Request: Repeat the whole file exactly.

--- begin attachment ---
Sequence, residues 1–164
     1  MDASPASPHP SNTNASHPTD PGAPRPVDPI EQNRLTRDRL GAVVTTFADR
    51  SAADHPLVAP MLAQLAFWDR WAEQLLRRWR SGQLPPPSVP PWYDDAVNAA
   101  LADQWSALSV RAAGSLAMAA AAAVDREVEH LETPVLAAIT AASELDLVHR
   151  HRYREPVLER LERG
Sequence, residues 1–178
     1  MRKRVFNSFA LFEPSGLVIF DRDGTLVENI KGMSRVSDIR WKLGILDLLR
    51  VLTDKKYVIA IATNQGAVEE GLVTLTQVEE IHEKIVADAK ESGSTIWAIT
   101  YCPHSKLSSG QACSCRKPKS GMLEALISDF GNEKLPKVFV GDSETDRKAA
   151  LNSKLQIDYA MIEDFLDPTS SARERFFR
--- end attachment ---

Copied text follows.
Sequence, residues 1–164
     1  MDASPASPHP SNTNASHPTD PGAPRPVDPI EQNRLTRDRL GAVVTTFADR
    51  SAADHPLVAP MLAQLAFWDR WAEQLLRRWR SGQLPPPSVP PWYDDAVNAA
   101  LADQWSALSV RAAGSLAMAA AAAVDREVEH LETPVLAAIT AASELDLVHR
   151  HRYREPVLER LERG
Sequence, residues 1–178
     1  MRKRVFNSFA LFEPSGLVIF DRDGTLVENI KGMSRVSDIR WKLGILDLLR
    51  VLTDKKYVIA IATNQGAVEE GLVTLTQVEE IHEKIVADAK ESGSTIWAIT
   101  YCPHSKLSSG QACSCRKPKS GMLEALISDF GNEKLPKVFV GDSETDRKAA
   151  LNSKLQIDYA MIEDFLDPTS SARERFFR